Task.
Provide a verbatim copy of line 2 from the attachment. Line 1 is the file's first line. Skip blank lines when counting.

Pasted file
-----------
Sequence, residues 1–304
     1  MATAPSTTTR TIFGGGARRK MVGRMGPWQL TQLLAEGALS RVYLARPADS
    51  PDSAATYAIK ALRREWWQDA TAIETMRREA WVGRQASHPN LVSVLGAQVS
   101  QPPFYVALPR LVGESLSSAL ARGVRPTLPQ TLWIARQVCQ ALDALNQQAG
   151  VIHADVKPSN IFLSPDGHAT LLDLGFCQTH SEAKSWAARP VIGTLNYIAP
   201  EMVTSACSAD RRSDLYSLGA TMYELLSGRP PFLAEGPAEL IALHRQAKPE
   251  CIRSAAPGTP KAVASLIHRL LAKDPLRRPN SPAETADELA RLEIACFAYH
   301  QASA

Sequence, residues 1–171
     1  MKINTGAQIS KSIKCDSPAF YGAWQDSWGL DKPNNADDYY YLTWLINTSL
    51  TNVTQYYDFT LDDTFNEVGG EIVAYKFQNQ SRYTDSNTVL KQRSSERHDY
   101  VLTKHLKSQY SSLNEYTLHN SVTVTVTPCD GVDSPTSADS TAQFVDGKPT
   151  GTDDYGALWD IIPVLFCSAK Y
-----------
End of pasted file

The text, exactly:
     1  MATAPSTTTR TIFGGGARRK MVGRMGPWQL TQLLAEGALS RVYLARPADS